SIDNER (voiceover): In 1972, he left India to take his message to the west, arriving in London at just 13 years old. Back then, he was called Guru Maharaj.
His following exploded. And decades later, so again, did controversy. A small group of former followers began questioning how he can afford to live a lavish lifestyle. Like having a private jet, that he pilots himself. And a mansion in Malibu. A representative for Rawat says he is not living a lavish lifestyle. His Malibu property was purchased when land was cheap in the '70s. And Rawat spends at least nine months of the year on commercial and lease planes traveling to speak with hundreds of thousands of people all over the globe.
With the simple goal of offering a way to find peace. His charitable foundation spending is transparent at an independent organization that rates charity spending has consistently given the foundation a high rating.
Over the past half-century, Rawat has traveled to every continent. Speaking about finding personal peace. His foundation has provided millions of meals to the hungry. In recognition that peace is not possible if you don't have the necessities of life. His peace program is also being used in schools, and more recently, for inmates in prisons in Africa and the United States. With the sole goal of giving people a way to feel peaceful inside.
He's been given keys to multiple cities across the globe for his work to bring people peace. And he's received numerous awards, including the BrandLaureate International Hall of Fame Lifetime Achievement Award.
RAWAT: Thank you so much. I'm very touched by the whole ceremony today.
SIDNER (voiceover): An award given to the likes of Nelson Mandela.
UNIDENTIFIED MALE: You have so sacrificially given your life and your all in promoting peace to the world.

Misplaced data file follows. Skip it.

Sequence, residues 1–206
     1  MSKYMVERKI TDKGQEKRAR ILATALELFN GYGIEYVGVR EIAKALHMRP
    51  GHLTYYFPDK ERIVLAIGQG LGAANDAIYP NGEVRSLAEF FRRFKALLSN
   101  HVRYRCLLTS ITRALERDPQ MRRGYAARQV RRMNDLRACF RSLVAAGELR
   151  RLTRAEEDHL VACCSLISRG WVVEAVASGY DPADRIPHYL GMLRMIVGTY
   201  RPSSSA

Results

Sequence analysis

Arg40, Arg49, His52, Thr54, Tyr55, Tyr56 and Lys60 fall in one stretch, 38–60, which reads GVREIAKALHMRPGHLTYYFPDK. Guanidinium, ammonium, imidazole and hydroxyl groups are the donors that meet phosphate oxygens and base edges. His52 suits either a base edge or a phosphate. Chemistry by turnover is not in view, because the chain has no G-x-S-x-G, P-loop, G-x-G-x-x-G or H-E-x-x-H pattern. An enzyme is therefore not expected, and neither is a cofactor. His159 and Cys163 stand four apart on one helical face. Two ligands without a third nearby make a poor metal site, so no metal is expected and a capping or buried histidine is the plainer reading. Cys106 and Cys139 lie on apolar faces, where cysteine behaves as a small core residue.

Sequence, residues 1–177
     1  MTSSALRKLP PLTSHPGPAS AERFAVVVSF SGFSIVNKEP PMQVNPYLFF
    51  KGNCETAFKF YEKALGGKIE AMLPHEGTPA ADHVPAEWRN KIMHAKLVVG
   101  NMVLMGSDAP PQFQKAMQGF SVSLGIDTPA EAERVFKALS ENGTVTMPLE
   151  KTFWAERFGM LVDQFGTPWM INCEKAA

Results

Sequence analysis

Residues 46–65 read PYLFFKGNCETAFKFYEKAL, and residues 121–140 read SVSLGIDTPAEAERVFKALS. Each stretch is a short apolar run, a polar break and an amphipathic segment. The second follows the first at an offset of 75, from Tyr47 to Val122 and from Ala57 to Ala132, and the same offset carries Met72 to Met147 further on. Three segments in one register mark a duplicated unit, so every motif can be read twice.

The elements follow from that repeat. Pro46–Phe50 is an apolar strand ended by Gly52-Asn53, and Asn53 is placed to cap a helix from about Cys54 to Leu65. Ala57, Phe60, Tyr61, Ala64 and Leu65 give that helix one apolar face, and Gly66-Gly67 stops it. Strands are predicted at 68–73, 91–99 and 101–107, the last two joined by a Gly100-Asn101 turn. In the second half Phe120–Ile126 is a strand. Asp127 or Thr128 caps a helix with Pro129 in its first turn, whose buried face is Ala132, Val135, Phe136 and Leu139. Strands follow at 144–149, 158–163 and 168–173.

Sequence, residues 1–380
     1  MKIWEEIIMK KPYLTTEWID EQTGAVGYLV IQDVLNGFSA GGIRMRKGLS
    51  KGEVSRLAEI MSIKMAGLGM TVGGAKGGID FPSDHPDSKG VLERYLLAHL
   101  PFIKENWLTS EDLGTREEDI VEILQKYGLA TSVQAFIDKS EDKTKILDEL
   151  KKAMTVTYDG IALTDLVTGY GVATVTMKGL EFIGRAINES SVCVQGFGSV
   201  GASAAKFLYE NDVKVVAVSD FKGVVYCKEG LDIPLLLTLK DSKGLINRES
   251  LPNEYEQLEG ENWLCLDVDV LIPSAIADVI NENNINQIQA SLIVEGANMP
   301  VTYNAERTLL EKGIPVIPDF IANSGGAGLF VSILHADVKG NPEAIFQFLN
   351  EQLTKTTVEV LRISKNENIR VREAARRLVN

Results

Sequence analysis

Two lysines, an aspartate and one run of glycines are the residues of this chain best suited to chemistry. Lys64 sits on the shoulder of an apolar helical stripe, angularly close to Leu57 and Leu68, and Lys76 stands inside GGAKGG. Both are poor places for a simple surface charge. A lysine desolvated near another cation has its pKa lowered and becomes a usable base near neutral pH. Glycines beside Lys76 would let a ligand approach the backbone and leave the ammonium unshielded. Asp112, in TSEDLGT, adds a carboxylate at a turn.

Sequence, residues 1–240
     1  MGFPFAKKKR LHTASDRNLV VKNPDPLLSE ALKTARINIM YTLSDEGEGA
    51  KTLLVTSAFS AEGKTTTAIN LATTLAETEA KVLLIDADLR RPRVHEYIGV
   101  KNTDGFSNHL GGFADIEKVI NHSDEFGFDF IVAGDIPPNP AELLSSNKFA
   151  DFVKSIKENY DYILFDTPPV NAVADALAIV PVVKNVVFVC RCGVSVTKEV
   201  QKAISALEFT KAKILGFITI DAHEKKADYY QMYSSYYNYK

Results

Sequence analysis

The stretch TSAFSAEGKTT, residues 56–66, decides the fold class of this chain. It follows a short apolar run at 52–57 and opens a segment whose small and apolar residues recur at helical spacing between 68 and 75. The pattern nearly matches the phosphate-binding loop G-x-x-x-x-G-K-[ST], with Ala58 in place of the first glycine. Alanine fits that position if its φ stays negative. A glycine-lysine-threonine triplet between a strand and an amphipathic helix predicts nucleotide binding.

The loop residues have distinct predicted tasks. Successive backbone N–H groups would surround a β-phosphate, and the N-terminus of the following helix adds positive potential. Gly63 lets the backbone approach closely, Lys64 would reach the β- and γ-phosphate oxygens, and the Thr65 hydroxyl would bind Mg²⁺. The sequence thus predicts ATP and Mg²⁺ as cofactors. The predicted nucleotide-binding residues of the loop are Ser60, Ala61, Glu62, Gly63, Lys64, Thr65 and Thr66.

SIDNER (voiceover): But Rawat insists this is not about him. It's about you. It's about peace.
SIDNER (on camera): We are seeing right on the doorstep of Europe a war has started again. And it seems that we go back to this every time there's a conflict. It is a direct line to fight or flight. And we tend to pick fight. So, how is it possible to have peace in this world?
RAWAT: The idea of peace has coexisted along the side with wars and all the controversies that we have had in this world. Peace, we have to find it within ourselves. Only then will it manifest outside. Just as with wars, it first begins in the minds of human beings, and then, it goes and manifests outside. The dissatisfaction that we feel in us, we see it projected all around us. This is not something that the buildings put up. This is not something that the roads put up. This is human beings putting it up.
SIDNER (on camera): So, are you saying that the internal conflict that we have has to be dealt with before we're able to have so-called world peace? I mean, how do you do that?
RAWAT: Well, you have to just get in touch with yourself. You have a phone. It communicates with everybody else. How do you communicate with you? Know thyself -
SIDNER (on camera): Know thyself.
RAWAT: - was no mistake. It echoes even today. With all the technology, if we don't have the technology of getting in touch with ourselves.
SIDNER (on camera): And I think that is where we will live it. That's hard to do to make that choice, but I suppose it is necessary to find that peace, especially the inner peace.
SIDNER (on camera): Prem Rawat, thank so much for joining our show.
RAWAT: Thank you so much for having me. Thank you.
(END VIDEO CLIP)
- Prem Rawat Critique - Legitimacy
- Connect North America, October 2004, Newsletter
- Educating the Heart Pamphlet
- Connect North America, October 2004, Newsletter